Almost exactly a year and a half ago – June 7, 2011 – sophomores Mikias Eticha (University of Maryland; Falls Church, Va.; Arlington Soccer Association) and Tyler Rudy (Georgetown University; Olney, Md.; Olney Boys and Girls Club) impressed as Academy players in a D.C. United Reserve match, a 2-2 draw against the New England Revolution. Tomorrow (Friday, December 7; 5:00 p.m. ET), they are set to square off on opposite sides of the pitch, Eticha with the storied Terrapins program and Rudy with an emerging Hoyas side. Separated by less than 12 miles in the Washington, D.C., area, the teams traveled almost 800 miles to Hoover, Ala., to duke it out for one of the College Cup championship slots.
While Maryland is making its 12th semifinal appearance in its history – and could return to the championship match after a 2008 win – the final four is new territory for Georgetown. After going 10-4-4 last season and missing out on the NCAA tournament, the Hoyas have put together a 19-win campaign – best in program history – to advance to its first-ever semifinal game.
“It’s been our goal since preseason – make it to Red Bull [Arena], which obviously turned out to be PPL Park for the Big East semifinals/final,” said Rudy. “And then out there, we said, ‘Let’s not stop, let’s go all the way to the Final Four...’ I’ve never been a part of a team like this.”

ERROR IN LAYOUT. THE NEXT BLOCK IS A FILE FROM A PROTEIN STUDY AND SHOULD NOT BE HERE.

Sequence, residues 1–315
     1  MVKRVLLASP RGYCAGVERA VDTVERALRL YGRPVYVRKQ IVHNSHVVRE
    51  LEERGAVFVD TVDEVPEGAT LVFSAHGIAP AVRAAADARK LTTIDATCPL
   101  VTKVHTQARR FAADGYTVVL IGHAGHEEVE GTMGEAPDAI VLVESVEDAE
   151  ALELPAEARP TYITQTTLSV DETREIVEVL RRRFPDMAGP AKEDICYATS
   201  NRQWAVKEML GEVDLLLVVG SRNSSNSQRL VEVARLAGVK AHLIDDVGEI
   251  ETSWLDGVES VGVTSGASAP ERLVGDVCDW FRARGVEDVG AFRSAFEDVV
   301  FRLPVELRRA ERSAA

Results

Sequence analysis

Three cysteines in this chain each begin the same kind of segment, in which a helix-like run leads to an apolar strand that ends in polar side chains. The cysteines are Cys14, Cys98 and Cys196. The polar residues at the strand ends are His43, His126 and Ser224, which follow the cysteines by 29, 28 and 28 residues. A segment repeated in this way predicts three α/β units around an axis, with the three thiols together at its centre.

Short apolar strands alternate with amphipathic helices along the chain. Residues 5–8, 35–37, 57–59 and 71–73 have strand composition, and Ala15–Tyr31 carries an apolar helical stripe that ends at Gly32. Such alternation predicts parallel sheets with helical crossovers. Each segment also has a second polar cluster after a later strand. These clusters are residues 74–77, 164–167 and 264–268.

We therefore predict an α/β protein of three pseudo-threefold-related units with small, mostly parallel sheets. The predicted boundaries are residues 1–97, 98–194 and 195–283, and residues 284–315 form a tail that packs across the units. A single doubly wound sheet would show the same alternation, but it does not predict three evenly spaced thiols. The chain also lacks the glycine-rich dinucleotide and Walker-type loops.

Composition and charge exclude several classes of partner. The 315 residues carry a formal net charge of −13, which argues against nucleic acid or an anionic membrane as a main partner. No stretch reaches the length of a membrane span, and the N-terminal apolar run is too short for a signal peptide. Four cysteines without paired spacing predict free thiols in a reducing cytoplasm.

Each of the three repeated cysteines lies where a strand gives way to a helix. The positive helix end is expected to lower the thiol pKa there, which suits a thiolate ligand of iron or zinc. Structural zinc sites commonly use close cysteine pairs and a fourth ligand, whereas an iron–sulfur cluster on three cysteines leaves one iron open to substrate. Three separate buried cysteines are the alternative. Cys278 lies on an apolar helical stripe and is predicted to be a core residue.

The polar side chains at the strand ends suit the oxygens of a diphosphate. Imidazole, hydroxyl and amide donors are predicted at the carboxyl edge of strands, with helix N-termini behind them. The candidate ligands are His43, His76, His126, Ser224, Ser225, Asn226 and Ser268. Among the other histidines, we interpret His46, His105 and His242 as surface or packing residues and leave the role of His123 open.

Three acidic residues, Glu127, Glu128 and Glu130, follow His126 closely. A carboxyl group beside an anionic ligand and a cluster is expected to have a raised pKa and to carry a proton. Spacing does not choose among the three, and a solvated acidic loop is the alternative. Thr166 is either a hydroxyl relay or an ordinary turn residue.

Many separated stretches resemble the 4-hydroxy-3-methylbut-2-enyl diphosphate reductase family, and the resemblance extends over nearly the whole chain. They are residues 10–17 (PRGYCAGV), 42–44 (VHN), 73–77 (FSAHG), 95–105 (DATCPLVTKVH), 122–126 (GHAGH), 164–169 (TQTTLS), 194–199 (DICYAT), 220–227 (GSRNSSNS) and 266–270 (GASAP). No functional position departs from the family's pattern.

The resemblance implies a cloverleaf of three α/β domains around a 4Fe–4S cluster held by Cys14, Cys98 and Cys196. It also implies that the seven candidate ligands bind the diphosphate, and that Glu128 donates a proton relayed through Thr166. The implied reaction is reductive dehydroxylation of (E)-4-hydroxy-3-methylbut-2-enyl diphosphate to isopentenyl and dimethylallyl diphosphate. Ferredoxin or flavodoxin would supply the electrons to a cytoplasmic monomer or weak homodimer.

Like Rudy – who appeared in 19 games (16 starts) his freshman year – Eticha made an immediate impact on his collegiate squad. A late addition to the team, Eticha came into 15 matches in 2011, tallying his first goal two weeks after his inaugural Division I game. Having played a full year together on the Academy team, Eticha and Rudy know what each other are capable of bringing to the fore.
“[Mikias] is what we like to call ‘slippery,’ so it’s tough to get the ball off of him,” said Rudy. “He’s really deceptive when he’s on the ball and he’s extremely dangerous when he’s going forward.”
Eticha was equally superlative, lauding Rudy for his defensive intelligence.
“We both started at center mid – I played attacking mid and he played defensive mid,” said Eticha. “He’s really good at defending – I didn’t have to do anything at all defensively… He took care of everything in the back.”
Halfway through their college careers, Eticha and Rudy are crucial components of their respective teams, crediting their time with D.C. United’s Academy to successful adjustments to NCAA play.
Eticha said: “If I went straight from high school to college [without the Academy experience], it would have been a lot harder than it was.”
“The Reserve League did wonders for me and Miki,” added Rudy. “When we went into those games, we got used to the speed of play that we were going to see in college, and we got used to the kind of athletes that we were going to go up against.”